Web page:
This foot pedal is almost too good to be true!

The Speedo ring, Vari-Pitch beater head, Oiless bearing hinge, Cobra Coil, and other characteristics are shared by the Tama Speed Cobra and the Iron Cobra. The Speed Cobra, on the other hand, is supposed to feel lighter than the Iron Cobra, with everything set up to respond like a Cobra after a couple of shots of espresso.

The footboard has been lengthened, and the pedal is only available with Tama’s Rolling Glide cam. The theory is that the linear response aids in maintaining faster playing speeds without the need for more pedal resistance. The Speed Cobra, unsurprisingly, has a lighter feel than the Iron Cobra, which is especially handy for double-kick action.

This pedal is a delight to use and easily lives up to its name. If you want a rapid pedal but don’t want to give up the hefty feel of a chain-driven pedal, we think this may be a revelation. We have a twin Speed Cobra for review. This pedal is without a doubt without a flaw. Simply said, it does its purpose as intended.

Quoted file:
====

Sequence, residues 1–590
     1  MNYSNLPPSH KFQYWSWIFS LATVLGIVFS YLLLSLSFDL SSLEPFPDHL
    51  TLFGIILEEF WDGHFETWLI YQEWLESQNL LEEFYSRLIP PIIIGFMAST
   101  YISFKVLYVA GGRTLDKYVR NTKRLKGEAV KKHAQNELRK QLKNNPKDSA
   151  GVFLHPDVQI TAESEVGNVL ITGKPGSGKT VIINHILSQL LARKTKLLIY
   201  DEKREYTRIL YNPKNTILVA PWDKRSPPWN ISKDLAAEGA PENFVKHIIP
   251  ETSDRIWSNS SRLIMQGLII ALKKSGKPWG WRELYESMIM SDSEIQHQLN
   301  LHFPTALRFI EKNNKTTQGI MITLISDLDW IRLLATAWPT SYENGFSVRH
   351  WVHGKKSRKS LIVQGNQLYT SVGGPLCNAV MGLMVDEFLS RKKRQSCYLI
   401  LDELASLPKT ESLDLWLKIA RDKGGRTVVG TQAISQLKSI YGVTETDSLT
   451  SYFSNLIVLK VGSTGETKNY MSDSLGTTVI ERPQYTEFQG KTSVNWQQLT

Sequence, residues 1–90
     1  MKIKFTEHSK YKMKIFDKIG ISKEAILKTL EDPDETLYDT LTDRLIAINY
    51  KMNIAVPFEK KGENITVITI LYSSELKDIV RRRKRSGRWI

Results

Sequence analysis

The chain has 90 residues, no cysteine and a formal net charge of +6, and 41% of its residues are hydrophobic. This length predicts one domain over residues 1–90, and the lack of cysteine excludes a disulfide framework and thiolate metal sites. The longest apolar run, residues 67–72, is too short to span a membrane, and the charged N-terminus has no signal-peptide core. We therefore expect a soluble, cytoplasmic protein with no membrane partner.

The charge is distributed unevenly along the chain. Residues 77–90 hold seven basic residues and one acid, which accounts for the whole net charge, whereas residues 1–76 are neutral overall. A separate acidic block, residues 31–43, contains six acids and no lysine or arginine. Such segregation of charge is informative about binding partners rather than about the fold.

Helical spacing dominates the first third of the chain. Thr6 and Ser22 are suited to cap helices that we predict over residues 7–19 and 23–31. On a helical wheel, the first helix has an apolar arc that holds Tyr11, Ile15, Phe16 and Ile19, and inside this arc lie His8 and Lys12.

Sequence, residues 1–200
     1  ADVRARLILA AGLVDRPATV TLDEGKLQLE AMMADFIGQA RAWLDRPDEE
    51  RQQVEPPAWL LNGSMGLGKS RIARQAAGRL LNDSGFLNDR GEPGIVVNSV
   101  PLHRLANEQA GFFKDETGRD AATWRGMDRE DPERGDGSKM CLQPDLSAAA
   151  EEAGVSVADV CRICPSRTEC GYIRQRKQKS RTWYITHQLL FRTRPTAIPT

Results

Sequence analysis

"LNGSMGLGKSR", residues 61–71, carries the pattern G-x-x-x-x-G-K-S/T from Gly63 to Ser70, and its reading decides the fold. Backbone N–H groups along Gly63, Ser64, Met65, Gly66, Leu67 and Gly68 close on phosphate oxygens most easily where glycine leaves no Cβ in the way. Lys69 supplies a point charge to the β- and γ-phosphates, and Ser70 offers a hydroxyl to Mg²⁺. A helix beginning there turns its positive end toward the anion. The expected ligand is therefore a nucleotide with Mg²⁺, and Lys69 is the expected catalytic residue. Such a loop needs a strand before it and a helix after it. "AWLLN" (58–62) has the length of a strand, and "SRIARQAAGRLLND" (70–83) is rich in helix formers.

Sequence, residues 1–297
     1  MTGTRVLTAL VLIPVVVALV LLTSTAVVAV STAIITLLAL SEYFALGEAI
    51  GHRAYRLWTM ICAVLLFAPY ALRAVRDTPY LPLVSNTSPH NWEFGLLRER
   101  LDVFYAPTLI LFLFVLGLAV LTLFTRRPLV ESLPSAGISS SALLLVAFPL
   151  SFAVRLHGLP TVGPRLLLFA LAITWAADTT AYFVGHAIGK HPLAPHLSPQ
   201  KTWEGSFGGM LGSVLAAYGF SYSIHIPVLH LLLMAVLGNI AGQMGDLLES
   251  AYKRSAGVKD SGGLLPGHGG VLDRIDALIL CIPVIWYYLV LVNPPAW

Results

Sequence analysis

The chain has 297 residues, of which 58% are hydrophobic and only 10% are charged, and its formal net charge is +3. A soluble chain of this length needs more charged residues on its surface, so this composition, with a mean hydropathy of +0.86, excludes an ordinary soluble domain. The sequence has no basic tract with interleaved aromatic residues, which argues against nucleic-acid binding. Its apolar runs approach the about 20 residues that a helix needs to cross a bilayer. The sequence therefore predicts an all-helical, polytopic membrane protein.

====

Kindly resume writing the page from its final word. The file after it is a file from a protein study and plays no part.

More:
• Even more effective than the Iron Cobra
  • Excellent for speed
  • The double pedal is incredible


  • Pedals can become squeaky
  • The mechanism in the pedal may start to grind

DW 9000 Bass Drum Pedal

DW Drums 9000 Series Single Bass Drum Pedal with Bag
Drive: Chain
Cam/travel: Adjustable
Footboard: Standard hinged
Features: Dual-Bearing Spring Rocker, Tri-pivot clamp, single-post slave pedals, padded carrying bag, footboard weights, and stacker heels
Double pedal available: Yes, right or left-footed
The signature chain-drive pedal from DW
The 9000 series pedal is part of DW’s signature 9000 hardware range, and it takes some thunder away from the trusty 5000. With a floating rotor, relocated spring, and nearly infinite modification of the drive cam between Accelerator and Turbo settings, you can truly customize the 9000’s feel.
As if that wasn’t enough, DW now offers a Pedal Customising Kit, which includes footboard weights and stacker heels for fine-tuning the 9000s’ responsiveness even further. The utilization of three different-sized heel parts that may be utilized in conjunction with one another results in a nine-position Elevator Heel Plate configuration, the higher the stack, the greater the control.